Revolymer, a British company has announced the FDA approval of a new chewing gum that will not stick to surfaces - or at least will stick at a greatly reduced level.
They have a few videos on their home page. I only have looked at one so far - "Why Things Stick" and have made a few guesses about what is going on. I was also dissappointed, in that the title of the movie is misleading - they barely touch on why things stick [*]. He also made references to cohesive strength vs. adhesive strength.
One tidbit the speaker did give away is that they have added a polymeric surfactant to the gum. I would have to guess that it is a Pluronic - a PEO-PPO-PEO block copolymer. They are already used as surfactant (and being nonionic, they are low foaming, always a good thing for chewing gum), and they have pharmaceutical approval. I'm curious if the surfactant changes the cohesive strength at all either.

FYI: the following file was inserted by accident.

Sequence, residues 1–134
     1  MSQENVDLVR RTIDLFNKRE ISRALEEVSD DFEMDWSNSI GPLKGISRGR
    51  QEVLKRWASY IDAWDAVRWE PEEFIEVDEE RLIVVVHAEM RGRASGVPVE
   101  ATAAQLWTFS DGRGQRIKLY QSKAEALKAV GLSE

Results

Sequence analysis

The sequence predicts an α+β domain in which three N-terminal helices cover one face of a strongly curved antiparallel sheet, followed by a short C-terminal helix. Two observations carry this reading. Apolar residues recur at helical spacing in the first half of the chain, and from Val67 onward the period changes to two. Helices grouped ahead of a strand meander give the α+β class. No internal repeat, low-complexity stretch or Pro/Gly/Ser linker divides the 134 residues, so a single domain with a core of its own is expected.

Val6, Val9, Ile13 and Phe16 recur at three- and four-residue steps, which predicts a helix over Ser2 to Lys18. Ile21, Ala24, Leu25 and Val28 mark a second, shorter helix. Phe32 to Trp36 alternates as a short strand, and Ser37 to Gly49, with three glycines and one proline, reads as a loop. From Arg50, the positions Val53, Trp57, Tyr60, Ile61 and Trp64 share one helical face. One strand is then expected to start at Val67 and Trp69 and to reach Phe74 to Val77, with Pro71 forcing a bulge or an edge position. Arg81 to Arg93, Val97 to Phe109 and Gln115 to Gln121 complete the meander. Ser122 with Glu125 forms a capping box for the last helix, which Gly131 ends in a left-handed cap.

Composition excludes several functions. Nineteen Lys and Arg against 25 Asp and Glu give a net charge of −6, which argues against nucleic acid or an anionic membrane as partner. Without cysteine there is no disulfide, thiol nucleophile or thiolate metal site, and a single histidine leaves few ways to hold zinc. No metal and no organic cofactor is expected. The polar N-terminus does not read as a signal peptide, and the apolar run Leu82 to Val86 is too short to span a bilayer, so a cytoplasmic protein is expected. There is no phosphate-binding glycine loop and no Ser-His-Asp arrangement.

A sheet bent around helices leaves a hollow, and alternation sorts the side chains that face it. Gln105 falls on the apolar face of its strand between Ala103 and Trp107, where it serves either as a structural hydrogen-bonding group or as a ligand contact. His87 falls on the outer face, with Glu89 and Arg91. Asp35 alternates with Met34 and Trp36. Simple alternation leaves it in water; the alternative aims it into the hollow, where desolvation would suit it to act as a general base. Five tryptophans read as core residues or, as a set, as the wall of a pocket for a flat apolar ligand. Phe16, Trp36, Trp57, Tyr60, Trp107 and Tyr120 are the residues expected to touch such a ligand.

[*] During a recent client visit, I gave an overview of why things stick as a lead into why cleaning things is so difficult. The Leonard-Jones 6-12 potential energy well is short and deep, and I was pleased to see even the non-technical people in attendence understanding the concept. Plus I told them that at their next cocktail party and can toss around the term "Leonard-Jone 6-12 potential" and impress the other attendees.
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